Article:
“But because I have welcomed someone eager for a feast of learning, I shall prepare it so well that there will be some leftovers rather than allow you to leave still hungry for more….”
Sed quoniam avidum hominem ad has discendi epulas recepi, sic accipiam, ut reliquiarum sit potius aliquid quam te hinc patiar non satiatum discedere.
Pliny the Younger to Septimius Clarus (Letter 15)
“Who do you think you are?! You agree to come do dinner…but you don’t come? The judgment is passed: You must pay my cost to a penny, and this is not moderate. All was set out: a lettuce for each, three snails, two eggs, wine with honey chilled with snow—for you should include this too among the highest expense since it dissolves on the plate—and there were olives, beets, pickles, onions and countless other things no less neat.
You would have heard a comedy or a reader or a singer of all of them, given my generosity. But you went where I don’t know, preferring oysters, a sow’s belly, sea-urchins, and Spanish dancers. You will suffer for this, somehow, believe me. You did something bad to one of us, certainly to me, but perhaps to yourself too. How much we played, laughed, and studied! You might eat better food at many homes, but nowhere will you eat so enjoyably, simply, and freely. In sum: try me: and if later you don’t excuse yourself from another’s meal, you can always lie to me again. Goodbye!”
Plinius Septicio Claro Suo S.
Heus tu! promittis ad cenam, nec venis? Dicitur ius: ad assem impendium reddes, nec id modicum. Paratae erant lactucae singulae, cochleae ternae, ova bina, halica cum mulso et nive (nam hanc quoque computabis, immo hanc in primis quae perit in ferculo), olivae betacei cucurbitae bulbi, alia mille non minus lauta. Audisses comoedos vel lectorem vel lyristen vel (quae mea liberalitas) omnes. At tu apud nescio quem ostrea vulvas echinos Gaditanas maluisti. Dabis poenas, non dico quas. Dure fecisti: invidisti, nescio an tibi, certe mihi, sed tamen et tibi. Quantum nos lusissemus risissemus studuissemus! Potes adparatius cenare apud multos, nusquam hilarius simplicius incautius. In summa experire, et nisi postea te aliis potius excusaveris, mihi semper excusa. Vale.
“But, truly, the knowledge of many disciplines is pleasurable”. Ok, then, let’s keep only what is necessary from these arts. Do you think that the person who considers superficial matters equal to useful ones and for this reason makes his home a museum of expensive products is reprehensible but not the man who is obsessed with the superfluous aspects of academia? To want to know more than is enough is a kind of excessive delusion.
Why? Well, this extreme pursuit of the liberal arts makes people annoying, wordy, bad-mannered, and overly self-satisfied, even though they have not learned the basics because they pursue the useless.
The scholar Didymus wrote four thousand books. I would pity him if had only read that many useless works. In these books he searched for Homer’s homeland, the real mother of Aeneas, whether Anacreon is more licentious or just drunk, whether Sappho was promiscuous and other various questions which, if you learned them, would have been necessarily forgotten. Go on, don’t say life is long. No, when you turn to your own people too, I will show you many things which should be pruned back with an ax.”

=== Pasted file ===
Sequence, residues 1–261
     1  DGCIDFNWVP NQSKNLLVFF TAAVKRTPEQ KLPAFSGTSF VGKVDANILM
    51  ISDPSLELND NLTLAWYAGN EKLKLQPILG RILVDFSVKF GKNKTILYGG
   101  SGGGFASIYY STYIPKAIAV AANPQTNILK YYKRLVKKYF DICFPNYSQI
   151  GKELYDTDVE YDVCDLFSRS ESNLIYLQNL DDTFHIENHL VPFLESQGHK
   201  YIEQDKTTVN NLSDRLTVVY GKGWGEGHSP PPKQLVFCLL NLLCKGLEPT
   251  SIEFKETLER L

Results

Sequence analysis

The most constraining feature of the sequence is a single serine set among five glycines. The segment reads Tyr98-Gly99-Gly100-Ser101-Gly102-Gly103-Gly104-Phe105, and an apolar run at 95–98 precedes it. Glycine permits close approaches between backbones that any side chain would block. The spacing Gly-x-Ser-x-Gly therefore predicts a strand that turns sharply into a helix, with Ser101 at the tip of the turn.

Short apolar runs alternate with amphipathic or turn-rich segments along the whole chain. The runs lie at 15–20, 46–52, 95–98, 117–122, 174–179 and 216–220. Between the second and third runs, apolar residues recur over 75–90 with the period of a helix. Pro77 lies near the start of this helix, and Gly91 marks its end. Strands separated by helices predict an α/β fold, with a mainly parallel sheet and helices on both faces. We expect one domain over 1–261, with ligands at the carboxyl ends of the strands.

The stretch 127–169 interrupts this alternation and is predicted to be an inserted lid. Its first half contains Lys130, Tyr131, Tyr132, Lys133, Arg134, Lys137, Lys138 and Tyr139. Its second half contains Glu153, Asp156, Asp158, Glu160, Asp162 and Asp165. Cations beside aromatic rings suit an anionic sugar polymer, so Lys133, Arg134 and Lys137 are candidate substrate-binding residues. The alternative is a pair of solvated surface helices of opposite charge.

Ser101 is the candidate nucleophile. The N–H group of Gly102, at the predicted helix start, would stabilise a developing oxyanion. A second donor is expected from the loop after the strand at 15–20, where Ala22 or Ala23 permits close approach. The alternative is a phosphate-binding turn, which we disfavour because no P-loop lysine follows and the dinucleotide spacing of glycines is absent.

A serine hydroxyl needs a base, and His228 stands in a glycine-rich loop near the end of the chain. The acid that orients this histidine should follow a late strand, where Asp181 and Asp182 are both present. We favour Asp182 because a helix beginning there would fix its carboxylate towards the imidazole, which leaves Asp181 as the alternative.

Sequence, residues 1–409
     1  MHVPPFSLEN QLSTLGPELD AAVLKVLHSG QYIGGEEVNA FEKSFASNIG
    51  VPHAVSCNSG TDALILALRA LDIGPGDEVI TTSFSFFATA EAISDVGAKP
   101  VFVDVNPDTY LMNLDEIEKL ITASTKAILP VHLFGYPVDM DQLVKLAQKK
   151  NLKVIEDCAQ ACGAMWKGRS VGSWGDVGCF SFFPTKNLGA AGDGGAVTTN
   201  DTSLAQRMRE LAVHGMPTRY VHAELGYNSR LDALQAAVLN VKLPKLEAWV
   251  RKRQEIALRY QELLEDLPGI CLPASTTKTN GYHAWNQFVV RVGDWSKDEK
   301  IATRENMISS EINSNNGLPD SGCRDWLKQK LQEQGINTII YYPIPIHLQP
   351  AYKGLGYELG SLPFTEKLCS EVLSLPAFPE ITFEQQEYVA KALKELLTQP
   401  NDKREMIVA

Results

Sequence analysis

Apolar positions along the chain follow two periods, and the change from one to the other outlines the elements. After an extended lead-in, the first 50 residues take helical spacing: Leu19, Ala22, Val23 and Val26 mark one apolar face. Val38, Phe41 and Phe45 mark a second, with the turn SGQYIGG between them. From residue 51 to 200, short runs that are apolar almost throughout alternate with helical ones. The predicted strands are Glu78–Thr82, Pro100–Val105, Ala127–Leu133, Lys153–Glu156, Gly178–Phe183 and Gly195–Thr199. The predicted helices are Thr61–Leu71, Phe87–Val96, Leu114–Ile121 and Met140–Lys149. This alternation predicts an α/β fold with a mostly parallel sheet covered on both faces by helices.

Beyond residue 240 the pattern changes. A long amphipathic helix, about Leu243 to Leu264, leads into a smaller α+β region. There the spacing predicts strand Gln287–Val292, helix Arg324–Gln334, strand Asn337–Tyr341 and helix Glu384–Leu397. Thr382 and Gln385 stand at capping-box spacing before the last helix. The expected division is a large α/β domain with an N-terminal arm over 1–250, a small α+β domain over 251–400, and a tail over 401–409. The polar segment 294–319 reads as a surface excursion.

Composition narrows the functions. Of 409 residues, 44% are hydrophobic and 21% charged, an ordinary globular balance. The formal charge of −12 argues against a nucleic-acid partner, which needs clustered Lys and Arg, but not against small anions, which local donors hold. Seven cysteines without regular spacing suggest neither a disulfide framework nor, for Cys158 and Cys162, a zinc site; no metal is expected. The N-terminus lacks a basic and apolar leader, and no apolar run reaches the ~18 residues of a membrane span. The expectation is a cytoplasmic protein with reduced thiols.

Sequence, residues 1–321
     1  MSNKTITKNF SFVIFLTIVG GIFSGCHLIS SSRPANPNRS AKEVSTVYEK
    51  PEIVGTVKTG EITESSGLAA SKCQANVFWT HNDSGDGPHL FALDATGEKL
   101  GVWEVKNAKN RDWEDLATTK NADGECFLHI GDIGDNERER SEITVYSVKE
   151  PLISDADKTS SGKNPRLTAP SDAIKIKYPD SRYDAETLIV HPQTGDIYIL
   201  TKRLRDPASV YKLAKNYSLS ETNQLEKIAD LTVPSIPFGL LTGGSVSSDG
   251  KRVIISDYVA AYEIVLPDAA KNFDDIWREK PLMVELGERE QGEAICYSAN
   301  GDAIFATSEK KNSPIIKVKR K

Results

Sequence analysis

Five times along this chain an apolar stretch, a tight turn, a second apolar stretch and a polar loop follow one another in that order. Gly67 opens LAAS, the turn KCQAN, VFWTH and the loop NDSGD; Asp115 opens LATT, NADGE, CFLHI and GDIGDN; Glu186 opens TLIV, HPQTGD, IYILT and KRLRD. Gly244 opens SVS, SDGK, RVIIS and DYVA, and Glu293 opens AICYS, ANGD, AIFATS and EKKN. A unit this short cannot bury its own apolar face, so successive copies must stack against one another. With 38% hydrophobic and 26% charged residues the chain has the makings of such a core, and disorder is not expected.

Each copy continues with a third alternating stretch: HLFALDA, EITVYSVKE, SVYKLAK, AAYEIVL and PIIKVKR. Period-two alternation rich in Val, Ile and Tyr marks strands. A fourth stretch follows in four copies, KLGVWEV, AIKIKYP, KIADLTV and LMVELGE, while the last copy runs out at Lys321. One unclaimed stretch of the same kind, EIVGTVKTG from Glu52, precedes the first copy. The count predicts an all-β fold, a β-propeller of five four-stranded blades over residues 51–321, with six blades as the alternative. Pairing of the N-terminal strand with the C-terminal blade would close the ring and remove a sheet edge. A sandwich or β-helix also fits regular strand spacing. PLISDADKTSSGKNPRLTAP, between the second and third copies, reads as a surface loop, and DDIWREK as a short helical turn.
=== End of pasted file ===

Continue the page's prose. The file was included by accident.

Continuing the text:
“At enim delectat artium notitia multarum.” Tantum itaque ex illis retineamus, quantum necessarium est. An tu existimas reprendendum, qui supervacua usibus conparat et pretiosarum rerum pompam in domo explicat, non putas eum, qui occupatus est in supervacua litterarum supellectile? Plus scire velle quam sit satis, intemperantiae genus est.
Quid? Quod ista liberalium artium consectatio molestos, verbosos, intempestivos, sibi placentes facit et ideo non discentes necessaria, quia supervacua didicerunt. Quattuor milia librorum Didymus grammaticus scripsit. Misererer, si tam multa supervacua legisset. In his libris de patria Homeri quaeritur, in his de Aeneae matre vera, in his libidinosior Anacreon an ebriosior vixerit, in his an Sappho publica fuerit, et alia, quae erant dediscenda, si scires. I nunc et longam esse vitam nega. Sed ad nostros quoque cum perveneris, ostendam multa securibus recidenda.
These are themes close to the old man’s heart, elsewhere too:
Seneca, De Brevitate Vitae 13
“This sickness used to just afflict the Greeks, to discover the number of oars Odysseus possessed, whether the Iliad was written before the Odyssey, whether the poems belong to the same author, and other matters like this which, if you keep them to yourself, cannot please your private mind; but if you publish them, you seem less learned than annoying.”
Graecorum iste morbus fuit quaerere, quem numerum Ulixes remigum habuisset, prior scripta esset Ilias an Odyssia, praeterea an eiusdem essent auctoris, alia deinceps huius notae, quae sive contineas, nihil tacitam conscientiam iuvant sive proferas, non doctior videaris sed molestior.
Seneca, Moral Epistle 108
“But some error comes thanks to our teachers who instruct us how to argue but not how to live; some error too comes from students, who bring themselves to teachers not for the nourishing of the soul, but the cultivation of our wit. Thus what was philosophy has been turned into philology.”